You’ll point out that items vary in size, complexity, duration. Yes. That doesn’t matter. The important thing is the mean cycle time. Let’s say that on average stakeholders request a couple of large items, a couple of medium-sized ones, and five small ones in any given cadence, iteration, release, or whatever unit of time your organization uses for such matters. If your team takes on average 4 days to complete a large item, 2 days for a medium-sized one, and half a day for a small one, then this is how how long it takes your team on average to complete the amount of work stakeholders typically request on average for a single development cadence:
(2 x 4) + (2 x 2) + (5 x 0.5) = 6 + 4 + 2.5 = 12.5 days
Let’s say you’re using a two-week cadence, as that’s pretty typical and is what most agile coaches recommend as a starting point. In 10 working days, your team can complete on average about 10 items. In a typical cadence, stakeholders ask you to complete 12.5 things, and you agree.
Then you deliver 10 things. Time after time.
From the stakeholders’ point of view, you never deliver what you say you will deliver. You are reliably unreliable. Why should they trust you?
By the way, why do I keep writing on average like that? It’s because almost invariably when I talk about this subject people get hung up on individual measurements. “But we had this one item that took 44 days!” That’s not important. It’s the aggregate values that matter.
How to Build Stakeholder Trust
For stakeholders to trust you, they have to understand your delivery capacity is on average about 10 per cadence. So the key to building trust is for you to teach your stakeholders how much your team is actually capable of delivering, and then to collaborate with your stakeholders to identify the highest-value set of items that should be completed next.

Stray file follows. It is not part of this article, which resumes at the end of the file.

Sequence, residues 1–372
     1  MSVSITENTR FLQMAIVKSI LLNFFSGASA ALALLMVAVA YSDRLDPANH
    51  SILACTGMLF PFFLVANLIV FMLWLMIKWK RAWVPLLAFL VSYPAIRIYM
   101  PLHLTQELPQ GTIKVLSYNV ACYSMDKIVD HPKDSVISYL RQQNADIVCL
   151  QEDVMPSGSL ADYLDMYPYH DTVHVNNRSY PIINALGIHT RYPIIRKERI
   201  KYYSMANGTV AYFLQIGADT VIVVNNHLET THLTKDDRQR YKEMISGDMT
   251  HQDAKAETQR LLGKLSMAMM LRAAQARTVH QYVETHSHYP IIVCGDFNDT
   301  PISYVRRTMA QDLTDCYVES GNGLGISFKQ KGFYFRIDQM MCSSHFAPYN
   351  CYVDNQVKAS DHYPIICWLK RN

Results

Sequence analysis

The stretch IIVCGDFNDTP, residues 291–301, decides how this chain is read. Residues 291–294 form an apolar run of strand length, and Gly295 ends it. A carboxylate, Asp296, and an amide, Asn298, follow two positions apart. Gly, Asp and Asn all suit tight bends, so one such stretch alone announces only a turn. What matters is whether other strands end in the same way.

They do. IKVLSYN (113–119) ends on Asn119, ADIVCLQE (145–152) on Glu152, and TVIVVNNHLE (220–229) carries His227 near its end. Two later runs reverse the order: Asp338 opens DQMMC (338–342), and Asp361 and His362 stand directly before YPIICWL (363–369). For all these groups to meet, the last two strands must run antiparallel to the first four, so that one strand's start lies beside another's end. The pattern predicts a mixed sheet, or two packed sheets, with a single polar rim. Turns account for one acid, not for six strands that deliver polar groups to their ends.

Depending on your stakeholders’ backgrounds and roles in the organization, they will react differently to this. Your strategy may have to differ accordingly.
If your team mainly does the bidding of a mid-level IT manager, they might not relate to this approach immediately. IT managers operate with a “cost center” mentality. They are handed a list of “requirements” that they have to deliver within a given budget and timeline. In effect, they’re in the same boat as you are. You’ll have to teach them this idea and help them carry it “up” in the organization.
If your team is fortunate enough to work directly with business stakeholders, you might be surprised at how naturally they relate to this approach. Business stakeholders operate with a “profit center” mentality. All day, every day, they have to pivot to deal with changing market conditions, making high-stakes decisions quickly based on limited information. Their plans never play out as originally envisioned. Everything changes constantly. That’s the water they swim in. If they have the facts, they can deal with them. So give them the facts. Show them the numbers. They’ll understand.
It isn’t about “pushing back” or “saying no,” as your conventional agile coach might have told you. It’s about strengthening collaboration across the organization so that everyone understands both the needs and the capacity to deliver on those needs. That way, everyone can work together to deliver the maximum value possible.